To top it all off, a good portion of the scares don’t even actually occur; about a third are dream sequences that add absolutely nothing to the plot and serve as a “get out of jail free” card whenever the writer has written himself into a corner because of what happens in the course of some scenes.  They add nothing to the movie and if cut, nothing would be lost. In fact, if the useless framing device and the stupid dream scares were cut out, this film would only be about 45 to 50 minutes. That includes the beginning and end credits.

I don’t think she much likes pillow fights.

All of this might have been a bit forgivable if the characters had been any good. Of course, considering what I have sad so far in this review, it is fairly obvious they are not. They don’t have the luxury of being obnoxious, annoying, or unlikeable characters; in fact they can barely be considered characters at all. All the characters barely have any personality at all. What little personality they do have is usually defined by their role in the story: caring father, pretentious professor, drunken preacher, etc. None of these are written especially well or are particularly compelling, since all manage to be bland to the core. All the actors do a decent job, but none put in any memorable performances and I will be damned if I can remember a single person who was in this movie. Hell, I am even having trouble remembering half of the characters, and I saw the movie yesterday.

So, it has been established that there exists nothing of worth from the performances, story, or scares. Does the film at least look nice? Does it have good cinematography and nice special effects? Of course not. Like every other single part of this ass-tacular film, there is nothing of any value in the cinematography or effects.  The film makes far too frequent use of stupid swooping pans (usually over woods or through the house while all the characters stand around and look stunned) and frequently uses shaky cam in some inane attempt to convey the horror of the situation, which of course, fails miserably since you can rarely see anything. The effects all look absolutely laughable, from the horrible CG wolf, to the most atrocious ghost effects I have ever seen in any film. The film even resorts to changing filters in order to show lightning. I am not even kidding; all color in the film goes to negative whenever lightning strikes. The director also thought that fading from color to black and white would make some scenes look more “artsy” and “sophisticated”. That is not the case. It instead makes the film looks absolutely stupid and, like so many other things in the film, makes no damn sense.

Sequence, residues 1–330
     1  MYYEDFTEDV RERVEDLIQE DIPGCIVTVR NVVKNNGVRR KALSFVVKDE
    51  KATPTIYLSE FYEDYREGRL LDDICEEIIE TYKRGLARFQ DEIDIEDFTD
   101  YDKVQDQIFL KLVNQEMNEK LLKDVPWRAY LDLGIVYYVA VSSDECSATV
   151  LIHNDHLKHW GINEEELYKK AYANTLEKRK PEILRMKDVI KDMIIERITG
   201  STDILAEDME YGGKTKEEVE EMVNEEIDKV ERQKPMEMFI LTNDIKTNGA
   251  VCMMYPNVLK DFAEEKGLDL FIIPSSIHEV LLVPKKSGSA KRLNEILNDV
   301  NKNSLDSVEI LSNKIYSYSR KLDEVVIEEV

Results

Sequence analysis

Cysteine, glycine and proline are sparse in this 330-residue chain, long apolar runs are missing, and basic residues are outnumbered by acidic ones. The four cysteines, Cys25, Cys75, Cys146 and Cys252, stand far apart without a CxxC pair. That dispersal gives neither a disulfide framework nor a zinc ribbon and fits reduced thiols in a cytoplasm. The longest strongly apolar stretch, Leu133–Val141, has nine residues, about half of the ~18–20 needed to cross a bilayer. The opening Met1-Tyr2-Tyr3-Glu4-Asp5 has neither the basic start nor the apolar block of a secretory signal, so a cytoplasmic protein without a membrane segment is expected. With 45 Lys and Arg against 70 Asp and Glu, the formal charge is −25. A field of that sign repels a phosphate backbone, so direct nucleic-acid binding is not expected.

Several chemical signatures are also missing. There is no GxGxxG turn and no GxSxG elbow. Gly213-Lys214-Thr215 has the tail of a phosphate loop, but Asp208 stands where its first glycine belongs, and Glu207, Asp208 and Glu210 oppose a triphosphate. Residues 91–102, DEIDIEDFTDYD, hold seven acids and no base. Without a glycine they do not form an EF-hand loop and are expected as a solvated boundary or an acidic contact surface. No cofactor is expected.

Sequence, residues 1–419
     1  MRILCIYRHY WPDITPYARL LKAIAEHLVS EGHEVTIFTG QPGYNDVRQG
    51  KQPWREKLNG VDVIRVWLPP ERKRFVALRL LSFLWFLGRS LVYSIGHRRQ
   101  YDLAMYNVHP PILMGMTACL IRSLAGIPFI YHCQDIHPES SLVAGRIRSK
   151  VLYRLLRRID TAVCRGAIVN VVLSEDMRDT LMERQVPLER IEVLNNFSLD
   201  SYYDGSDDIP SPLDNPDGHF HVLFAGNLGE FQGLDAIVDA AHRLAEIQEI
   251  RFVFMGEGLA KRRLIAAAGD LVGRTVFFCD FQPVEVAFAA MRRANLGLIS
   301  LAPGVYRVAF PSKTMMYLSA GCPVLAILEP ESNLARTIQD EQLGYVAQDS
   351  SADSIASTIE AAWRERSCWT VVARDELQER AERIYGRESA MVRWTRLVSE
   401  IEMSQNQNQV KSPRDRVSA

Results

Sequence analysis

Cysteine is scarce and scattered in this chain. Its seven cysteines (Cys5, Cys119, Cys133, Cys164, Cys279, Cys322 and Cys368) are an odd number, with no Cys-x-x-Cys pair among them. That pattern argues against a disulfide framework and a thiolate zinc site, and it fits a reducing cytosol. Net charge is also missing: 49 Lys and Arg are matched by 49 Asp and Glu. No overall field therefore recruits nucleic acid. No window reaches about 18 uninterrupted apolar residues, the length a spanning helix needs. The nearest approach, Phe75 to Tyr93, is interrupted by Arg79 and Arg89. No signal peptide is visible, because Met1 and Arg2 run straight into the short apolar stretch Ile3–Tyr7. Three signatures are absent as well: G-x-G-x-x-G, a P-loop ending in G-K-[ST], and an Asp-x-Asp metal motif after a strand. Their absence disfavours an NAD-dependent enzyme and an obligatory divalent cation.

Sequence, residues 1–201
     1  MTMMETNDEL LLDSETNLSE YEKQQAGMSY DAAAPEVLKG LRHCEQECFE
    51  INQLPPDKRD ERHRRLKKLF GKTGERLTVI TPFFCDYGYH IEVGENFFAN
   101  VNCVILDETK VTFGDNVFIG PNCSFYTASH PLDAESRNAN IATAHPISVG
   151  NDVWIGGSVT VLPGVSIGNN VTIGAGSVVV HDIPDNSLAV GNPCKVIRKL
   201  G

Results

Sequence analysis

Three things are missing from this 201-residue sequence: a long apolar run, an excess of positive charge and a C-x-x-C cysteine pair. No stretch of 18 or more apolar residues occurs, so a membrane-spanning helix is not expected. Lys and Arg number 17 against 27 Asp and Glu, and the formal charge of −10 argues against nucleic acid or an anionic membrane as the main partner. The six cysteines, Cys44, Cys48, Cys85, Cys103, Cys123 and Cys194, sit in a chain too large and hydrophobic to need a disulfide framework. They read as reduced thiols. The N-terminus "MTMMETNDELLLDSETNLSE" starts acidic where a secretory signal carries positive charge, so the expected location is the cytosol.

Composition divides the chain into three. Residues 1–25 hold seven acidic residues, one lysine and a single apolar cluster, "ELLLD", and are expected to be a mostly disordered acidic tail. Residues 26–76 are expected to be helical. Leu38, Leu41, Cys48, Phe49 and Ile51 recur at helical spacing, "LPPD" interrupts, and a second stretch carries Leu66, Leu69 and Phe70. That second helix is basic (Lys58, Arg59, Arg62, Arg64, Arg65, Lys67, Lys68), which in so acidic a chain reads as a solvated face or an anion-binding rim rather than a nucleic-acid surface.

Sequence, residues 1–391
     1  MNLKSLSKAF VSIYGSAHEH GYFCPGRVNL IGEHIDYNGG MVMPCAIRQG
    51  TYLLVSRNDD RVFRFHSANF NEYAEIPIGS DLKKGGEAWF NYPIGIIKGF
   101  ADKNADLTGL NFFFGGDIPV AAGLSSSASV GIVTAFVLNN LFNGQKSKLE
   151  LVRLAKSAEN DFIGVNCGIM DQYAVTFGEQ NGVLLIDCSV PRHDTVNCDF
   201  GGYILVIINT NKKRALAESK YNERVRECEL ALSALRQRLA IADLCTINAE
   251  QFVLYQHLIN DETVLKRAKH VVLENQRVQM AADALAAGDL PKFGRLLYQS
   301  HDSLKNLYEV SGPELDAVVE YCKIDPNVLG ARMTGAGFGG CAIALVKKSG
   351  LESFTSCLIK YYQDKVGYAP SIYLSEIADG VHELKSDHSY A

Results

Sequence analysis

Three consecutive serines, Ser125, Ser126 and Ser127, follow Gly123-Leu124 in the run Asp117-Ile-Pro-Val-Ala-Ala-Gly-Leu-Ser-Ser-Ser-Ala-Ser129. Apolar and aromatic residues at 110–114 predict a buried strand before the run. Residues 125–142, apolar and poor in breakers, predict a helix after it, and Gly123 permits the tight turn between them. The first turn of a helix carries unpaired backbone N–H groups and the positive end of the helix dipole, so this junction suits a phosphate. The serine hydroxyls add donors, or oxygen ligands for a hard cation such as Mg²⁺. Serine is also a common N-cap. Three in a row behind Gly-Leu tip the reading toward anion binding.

Protip: Don’t eat the contents of random spoons without first checking their contents.

This film fails on so many levels. It fails as a horror film, since it fails to provide any scares. It sucks as a story, because it does not make that much sense and is inconsistent. It fails as a film because of the incompetence of its awful cinematography, incompetent effects, and boring performances. It even fails as a period piece, since it is historically inaccurate. There is nothing compelling here. There is nothing of worth. The only way one might be able to wring some enjoyment from it is to invite some friends over and mock the hell out of the thing. Even then, one still has to sit through this piece of rotten monkey scrotum, which is painful to the nth degree. Do not ever watch this film. Do not let your friends or family watch this film. Do not even deign to look at this atrocious failure of a ghost story. Like the poltergeist, it brings nothing but misery, pain, and extreme annoyance. Of the few things I regret doing in my life, watching this absolute waste of a film is right up there near the top.

Final Rating: F--/10

Breakfastman is an amateur reviewer, student, and all around cool guy. Questions, comments, constructive criticisms, rants, rages, or just want to tell me my taste in music sucks? All forms of feedback are encouraged, so feel free. All images blatantly stolen from Google.